Faster internet coming to parts of Key Peninsula, county says
Pierce County and Comcast recently announced an agreement to expand access to high-speed Internet to part of the Key Peninsula.
The county will contribute $3.75 million to the $5 million project to improve service to an estimated 526 homes and businesses. The public money comes from federal funding provided through the American Rescue Plan Act of 2021.
Comcast provides the remaining $1.25 million.
Key Peninsula North
The project will improve service in what Pierce County called the Key Peninsula North area. It’s the northeastern-most corner of Pierce County, largely along Highway 302 east of the Key Peninsula Highway.
Construction is expected to begin in six to nine months and wrap up by the end of 2024. Permitting and other delays could push the timeline back. A Pierce County program to encourage improved broadband access allows for expedited permit review.
Other Broadband Incentive Districts in Pierce County include the Puyallup/White River region; the Nisqually region; the area around Alder Lake in south Pierce County; and Key Peninsula South, essentially Home and beyond.
“Now, more than ever, it is crucial that people have access to high-speed Internet,” Pierce County Executive Bruce Dammeier said in a news release. “Whether for work, school or entertainment, we want to help all County residents enjoy the benefits of this important infrastructure.”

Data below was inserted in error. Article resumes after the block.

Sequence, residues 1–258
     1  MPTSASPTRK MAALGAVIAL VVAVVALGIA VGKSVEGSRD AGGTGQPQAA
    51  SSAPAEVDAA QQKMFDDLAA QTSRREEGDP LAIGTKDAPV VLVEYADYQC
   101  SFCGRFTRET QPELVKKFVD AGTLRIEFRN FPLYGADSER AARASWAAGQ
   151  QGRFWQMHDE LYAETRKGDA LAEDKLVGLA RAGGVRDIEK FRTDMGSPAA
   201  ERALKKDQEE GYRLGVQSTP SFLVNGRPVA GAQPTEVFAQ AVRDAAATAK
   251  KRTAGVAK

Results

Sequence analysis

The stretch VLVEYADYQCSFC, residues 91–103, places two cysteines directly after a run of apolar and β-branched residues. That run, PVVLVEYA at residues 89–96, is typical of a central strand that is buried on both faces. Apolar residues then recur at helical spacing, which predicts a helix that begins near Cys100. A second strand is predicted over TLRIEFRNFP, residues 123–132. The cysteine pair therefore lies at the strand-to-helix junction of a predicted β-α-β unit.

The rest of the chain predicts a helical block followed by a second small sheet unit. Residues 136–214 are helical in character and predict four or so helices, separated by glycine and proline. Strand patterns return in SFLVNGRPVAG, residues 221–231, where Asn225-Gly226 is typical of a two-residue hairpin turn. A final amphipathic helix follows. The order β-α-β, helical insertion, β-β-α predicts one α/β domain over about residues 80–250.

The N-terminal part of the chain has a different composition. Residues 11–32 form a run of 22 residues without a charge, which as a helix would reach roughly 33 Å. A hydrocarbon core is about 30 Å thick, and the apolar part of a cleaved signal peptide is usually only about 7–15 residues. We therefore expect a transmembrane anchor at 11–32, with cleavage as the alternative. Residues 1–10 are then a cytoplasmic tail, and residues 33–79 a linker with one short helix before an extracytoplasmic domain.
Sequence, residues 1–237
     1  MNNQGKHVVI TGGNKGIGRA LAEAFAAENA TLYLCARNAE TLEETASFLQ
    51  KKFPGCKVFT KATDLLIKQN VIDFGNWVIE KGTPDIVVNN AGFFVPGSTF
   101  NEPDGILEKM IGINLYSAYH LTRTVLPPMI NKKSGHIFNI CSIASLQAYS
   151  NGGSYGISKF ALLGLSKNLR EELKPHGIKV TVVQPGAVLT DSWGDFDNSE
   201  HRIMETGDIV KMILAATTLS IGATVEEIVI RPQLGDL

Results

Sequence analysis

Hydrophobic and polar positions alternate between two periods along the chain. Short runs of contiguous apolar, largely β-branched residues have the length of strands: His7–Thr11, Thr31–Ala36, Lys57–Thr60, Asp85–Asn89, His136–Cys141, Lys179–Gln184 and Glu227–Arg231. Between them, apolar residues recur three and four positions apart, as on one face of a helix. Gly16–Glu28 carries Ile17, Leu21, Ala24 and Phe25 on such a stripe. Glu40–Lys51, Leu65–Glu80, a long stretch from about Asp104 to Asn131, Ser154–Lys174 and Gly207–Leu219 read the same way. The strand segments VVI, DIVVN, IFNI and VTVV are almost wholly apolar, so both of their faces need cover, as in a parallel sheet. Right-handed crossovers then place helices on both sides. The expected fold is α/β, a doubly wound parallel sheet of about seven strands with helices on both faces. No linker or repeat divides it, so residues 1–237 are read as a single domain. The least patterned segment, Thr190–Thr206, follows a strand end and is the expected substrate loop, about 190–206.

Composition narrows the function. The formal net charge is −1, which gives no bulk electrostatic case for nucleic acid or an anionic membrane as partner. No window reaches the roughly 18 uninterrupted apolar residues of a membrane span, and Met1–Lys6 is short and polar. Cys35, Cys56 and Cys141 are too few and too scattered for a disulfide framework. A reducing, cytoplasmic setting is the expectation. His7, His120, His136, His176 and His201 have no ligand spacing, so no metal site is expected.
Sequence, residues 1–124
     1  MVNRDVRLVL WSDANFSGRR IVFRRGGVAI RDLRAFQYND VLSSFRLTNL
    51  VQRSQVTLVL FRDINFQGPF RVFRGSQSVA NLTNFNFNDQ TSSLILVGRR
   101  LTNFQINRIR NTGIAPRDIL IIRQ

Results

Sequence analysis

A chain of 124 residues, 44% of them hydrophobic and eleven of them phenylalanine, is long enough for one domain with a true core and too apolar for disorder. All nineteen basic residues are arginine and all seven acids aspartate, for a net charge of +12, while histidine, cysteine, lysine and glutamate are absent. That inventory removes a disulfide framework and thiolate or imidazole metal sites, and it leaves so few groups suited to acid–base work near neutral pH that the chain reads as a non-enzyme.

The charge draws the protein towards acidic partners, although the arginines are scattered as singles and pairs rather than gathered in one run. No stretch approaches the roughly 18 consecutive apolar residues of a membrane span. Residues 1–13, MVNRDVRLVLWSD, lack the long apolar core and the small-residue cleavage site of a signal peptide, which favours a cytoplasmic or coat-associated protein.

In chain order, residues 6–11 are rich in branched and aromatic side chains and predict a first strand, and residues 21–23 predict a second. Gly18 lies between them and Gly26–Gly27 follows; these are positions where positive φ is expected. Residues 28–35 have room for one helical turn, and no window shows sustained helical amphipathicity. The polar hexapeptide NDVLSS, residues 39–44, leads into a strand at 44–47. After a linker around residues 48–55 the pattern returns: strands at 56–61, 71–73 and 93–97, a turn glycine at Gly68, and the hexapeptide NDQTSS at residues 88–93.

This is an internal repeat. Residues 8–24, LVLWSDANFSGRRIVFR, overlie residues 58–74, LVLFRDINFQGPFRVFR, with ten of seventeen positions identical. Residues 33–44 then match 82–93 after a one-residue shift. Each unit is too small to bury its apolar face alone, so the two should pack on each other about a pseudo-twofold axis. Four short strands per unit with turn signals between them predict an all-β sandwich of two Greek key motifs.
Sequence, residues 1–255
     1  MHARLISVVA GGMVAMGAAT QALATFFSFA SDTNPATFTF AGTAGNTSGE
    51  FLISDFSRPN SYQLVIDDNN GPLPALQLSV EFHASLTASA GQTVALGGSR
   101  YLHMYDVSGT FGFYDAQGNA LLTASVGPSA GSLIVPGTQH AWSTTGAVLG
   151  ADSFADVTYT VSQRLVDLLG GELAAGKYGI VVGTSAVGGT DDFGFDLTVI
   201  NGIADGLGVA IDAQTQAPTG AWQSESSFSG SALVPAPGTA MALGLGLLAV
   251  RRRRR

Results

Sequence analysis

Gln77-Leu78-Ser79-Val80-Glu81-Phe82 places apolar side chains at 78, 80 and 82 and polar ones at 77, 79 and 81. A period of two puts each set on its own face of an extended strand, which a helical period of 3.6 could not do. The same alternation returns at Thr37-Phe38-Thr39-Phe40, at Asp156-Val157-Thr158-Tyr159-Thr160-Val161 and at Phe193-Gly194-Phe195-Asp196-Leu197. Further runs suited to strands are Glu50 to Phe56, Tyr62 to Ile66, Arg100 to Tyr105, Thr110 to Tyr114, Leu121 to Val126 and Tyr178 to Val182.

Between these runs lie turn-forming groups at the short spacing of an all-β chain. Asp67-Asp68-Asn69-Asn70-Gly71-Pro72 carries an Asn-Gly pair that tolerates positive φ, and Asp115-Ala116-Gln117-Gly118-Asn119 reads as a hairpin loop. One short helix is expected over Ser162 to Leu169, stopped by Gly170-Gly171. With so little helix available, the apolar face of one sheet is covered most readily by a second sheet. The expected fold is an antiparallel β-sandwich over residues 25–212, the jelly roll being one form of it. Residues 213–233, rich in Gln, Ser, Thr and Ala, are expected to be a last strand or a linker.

Comcast said the Key Peninsula project will be the company’s first all-fiber build in Washington state.
Comcast promised to provide more information once permits are complete.
‘Available speeds simply are not high enough’
A 2019 study on broadband access commissioned by Pierce County found that in rural areas of the county, “costs are too high, competition is too entrenched, or market demand is too low for providers serve rural areas without public support.”
“For many of the rural areas, including areas of Gig Harbor and the Key Peninsula and areas outside of the population centers, available speeds simply are not high enough to enable many functions needed for day-to-day household functions, much less for attracting key economic sectors,” the report said.
The northern Key Peninsula area currently is served primarily by DSL service, offering speeds in the 25 to 50 mbps range. The improved fiber service is expected to offer almost exponentially faster service of up to 100 gbps for business customers.